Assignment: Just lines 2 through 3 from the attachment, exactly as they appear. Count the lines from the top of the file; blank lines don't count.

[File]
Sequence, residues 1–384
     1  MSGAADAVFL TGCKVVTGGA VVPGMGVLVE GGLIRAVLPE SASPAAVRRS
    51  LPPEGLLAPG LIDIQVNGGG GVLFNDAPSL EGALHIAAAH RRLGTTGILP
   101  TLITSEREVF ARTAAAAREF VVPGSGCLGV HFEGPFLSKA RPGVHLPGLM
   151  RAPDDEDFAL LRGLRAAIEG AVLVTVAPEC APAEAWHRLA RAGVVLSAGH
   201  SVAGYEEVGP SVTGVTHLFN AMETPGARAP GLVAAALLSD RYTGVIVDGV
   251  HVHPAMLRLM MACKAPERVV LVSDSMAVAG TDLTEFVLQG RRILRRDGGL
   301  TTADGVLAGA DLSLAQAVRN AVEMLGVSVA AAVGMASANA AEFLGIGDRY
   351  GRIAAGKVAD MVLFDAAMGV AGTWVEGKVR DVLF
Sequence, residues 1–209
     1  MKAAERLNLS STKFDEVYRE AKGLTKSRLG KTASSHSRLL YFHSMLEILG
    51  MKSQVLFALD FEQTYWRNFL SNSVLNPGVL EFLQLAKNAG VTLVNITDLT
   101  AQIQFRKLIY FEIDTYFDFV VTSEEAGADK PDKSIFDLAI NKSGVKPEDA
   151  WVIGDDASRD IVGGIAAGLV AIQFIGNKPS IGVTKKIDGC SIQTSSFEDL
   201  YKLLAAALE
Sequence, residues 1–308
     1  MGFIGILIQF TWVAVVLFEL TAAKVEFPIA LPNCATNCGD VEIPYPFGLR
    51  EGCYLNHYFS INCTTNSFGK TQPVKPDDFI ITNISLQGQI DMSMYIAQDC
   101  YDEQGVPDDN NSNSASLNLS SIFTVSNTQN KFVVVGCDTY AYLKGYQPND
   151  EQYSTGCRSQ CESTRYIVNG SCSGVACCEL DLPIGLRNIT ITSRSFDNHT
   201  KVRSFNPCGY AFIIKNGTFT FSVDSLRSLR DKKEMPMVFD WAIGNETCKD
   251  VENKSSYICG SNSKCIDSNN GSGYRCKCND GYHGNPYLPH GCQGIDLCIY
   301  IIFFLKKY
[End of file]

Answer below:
     1  MSGAADAVFL TGCKVVTGGA VVPGMGVLVE GGLIRAVLPE SASPAAVRRS
    51  LPPEGLLAPG LIDIQVNGGG GVLFNDAPSL EGALHIAAAH RRLGTTGILP